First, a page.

Significance and finishing well

MEGAN BASHAM, HOST: Today is Friday, April 3rd. Good morning! This is The World and Everything in It from listener-supported WORLD Radio. I’m Megan Basham.

NICK EICHER, HOST: And I’m Nick Eicher. You may remember a story back in February: we introduced you to a couple who were preparing to celebrate their last Valentine’s Day together.

Today, Kim Henderson has an update.

KIM HENDERSON, REPORTER: Last August, we got some bad news about our daughter’s car. The transmission needed to be replaced. 

Our longtime mechanic, Lyn Hutcherson, wiped his hands and told us he could get on it in a couple of days. First, though, he had to go to a doctor’s appointment.

“Just the routine kind,” he assured us, knowing full well nothing is routine for cancer patients in quasi-remission. It turns out, he got some bad news of his own. News that makes a faulty transmission seem like the most insignificant thing in the world.  

For the last 8 months I’ve watched as Lyn and his wife, June, let go of what becomes insignificant in the face of cancer. A career, hobbies, busy-ness. I never once heard him complain. 

HUTCHERSON: The cancer is a gift. It’s given me a whole new group of people to meet.

He’s talking about people he met at doctor visits, and during rounds of chemo and radiation.

HUTCHERSON: It’s given me a chance to visit with them, to witness to them, to tell them that God loves them. You know what, where’s the in here at very, very worst is temporary. We can’t get too bad here that He’s not going to make it better later, if we want him to. 

When Lyn realized he had just a few months to live, his time in God’s word took on new importance. 

HUTCHERSON: Isaiah chapter 55 says, “For the Bible is living and active and sharper than any two-edged sword, and it divides the heart and soul.” That book is alive, it’s active and it’s growing me every day. Because my life is wrapping up right now doesn’t mean that I’m not going to stop growing.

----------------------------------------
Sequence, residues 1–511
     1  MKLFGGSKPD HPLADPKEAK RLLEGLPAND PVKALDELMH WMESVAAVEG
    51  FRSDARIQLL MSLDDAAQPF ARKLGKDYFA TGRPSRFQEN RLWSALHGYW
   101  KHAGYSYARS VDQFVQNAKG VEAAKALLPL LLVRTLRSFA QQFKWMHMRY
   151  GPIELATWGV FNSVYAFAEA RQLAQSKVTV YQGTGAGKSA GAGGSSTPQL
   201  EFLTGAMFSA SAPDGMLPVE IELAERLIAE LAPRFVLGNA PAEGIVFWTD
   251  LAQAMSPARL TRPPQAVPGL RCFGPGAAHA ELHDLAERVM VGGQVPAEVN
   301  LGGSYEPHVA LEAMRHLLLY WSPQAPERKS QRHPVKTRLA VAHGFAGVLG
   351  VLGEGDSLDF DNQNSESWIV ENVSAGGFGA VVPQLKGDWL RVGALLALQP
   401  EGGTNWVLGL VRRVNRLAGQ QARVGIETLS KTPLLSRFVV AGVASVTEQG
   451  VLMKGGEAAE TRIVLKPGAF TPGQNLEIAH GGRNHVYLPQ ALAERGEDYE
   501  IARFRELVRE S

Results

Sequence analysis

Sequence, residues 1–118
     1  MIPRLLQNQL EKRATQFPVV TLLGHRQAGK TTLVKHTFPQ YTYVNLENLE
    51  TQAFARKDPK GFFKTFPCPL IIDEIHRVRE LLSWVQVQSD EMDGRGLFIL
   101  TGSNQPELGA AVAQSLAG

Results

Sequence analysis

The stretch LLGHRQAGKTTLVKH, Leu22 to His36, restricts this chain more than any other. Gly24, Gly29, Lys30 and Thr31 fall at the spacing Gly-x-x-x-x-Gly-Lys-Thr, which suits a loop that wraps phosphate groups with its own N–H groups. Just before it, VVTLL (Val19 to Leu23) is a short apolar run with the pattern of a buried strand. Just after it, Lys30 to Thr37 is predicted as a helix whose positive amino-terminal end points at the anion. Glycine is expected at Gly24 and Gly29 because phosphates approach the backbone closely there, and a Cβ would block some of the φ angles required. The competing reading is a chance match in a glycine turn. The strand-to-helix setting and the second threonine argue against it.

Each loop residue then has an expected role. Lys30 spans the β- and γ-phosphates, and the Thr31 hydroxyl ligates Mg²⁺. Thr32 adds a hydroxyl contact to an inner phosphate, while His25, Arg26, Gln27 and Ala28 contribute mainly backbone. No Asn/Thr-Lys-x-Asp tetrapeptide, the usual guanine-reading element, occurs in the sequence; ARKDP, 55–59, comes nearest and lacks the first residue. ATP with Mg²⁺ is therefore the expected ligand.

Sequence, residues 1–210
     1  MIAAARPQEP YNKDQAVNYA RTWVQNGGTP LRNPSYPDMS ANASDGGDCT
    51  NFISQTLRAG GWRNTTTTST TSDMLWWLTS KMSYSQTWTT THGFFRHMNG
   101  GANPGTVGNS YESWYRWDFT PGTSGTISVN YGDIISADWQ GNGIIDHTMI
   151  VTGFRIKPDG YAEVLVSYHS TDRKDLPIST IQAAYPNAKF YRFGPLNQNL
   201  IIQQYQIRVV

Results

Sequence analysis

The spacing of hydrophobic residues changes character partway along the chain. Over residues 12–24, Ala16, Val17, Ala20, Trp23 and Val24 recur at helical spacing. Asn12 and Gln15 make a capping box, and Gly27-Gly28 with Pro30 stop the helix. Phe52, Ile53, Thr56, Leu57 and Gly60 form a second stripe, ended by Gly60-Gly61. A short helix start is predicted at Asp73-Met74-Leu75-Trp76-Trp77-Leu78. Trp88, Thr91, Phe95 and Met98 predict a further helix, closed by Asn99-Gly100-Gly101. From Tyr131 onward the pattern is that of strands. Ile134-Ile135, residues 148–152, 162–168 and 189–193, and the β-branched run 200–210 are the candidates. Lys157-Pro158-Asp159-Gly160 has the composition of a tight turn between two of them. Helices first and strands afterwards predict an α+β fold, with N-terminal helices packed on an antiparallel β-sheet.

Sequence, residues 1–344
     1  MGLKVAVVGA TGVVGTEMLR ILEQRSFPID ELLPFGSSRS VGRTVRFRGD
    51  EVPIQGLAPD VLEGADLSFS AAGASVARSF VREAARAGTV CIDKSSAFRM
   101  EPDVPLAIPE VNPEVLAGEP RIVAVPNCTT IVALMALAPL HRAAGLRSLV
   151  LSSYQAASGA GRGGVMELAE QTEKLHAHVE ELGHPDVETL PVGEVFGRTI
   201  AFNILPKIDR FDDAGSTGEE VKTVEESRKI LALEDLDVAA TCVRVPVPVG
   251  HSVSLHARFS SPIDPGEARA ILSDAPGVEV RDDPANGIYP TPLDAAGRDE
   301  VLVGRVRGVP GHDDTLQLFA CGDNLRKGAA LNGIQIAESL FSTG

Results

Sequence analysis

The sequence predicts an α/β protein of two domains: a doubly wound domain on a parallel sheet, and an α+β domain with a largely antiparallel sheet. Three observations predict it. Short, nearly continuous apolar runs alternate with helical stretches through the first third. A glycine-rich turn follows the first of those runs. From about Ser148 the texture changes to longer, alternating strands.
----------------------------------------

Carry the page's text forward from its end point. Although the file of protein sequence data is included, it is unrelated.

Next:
It’s been 7 weeks since I interviewed the Hutchersons. June kept her promise to make sure this chapter of their life together closed gently. She’s been with him 24/7, trying to get him to eat. Sitting beside the special bed hospice delivered. Staying up with him through the night. 

Early Wednesday morning, April 1st, June texted us to say Lyn died at 5:37 a.m.

People long for their lives to have some sort of significance. Watching Lyn and June these past months, I realized sometimes the most significant thing we can do is finish well.  

HUTCHERSON: I’m unafraid, I’m unconcerned. I’m perfectly at peace with this… it’s going to be OK. 

Reporting for WORLD, I’m Kim Henderson.

(Photo/Lyn and June Hutcherson)

WORLD Radio transcripts are created on a rush deadline. This text may not be in its final form and may be updated or revised in the future. Accuracy and availability may vary. The authoritative record of WORLD Radio programming is the audio record.

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One comment on “Significance and finishing well

  1. J Hsu says:

    Your words and your voice both show that indeed you were “perfectly at peace” in the midst of terminal cancer. Thank you, Lyn, for blessing me with your words of faith.

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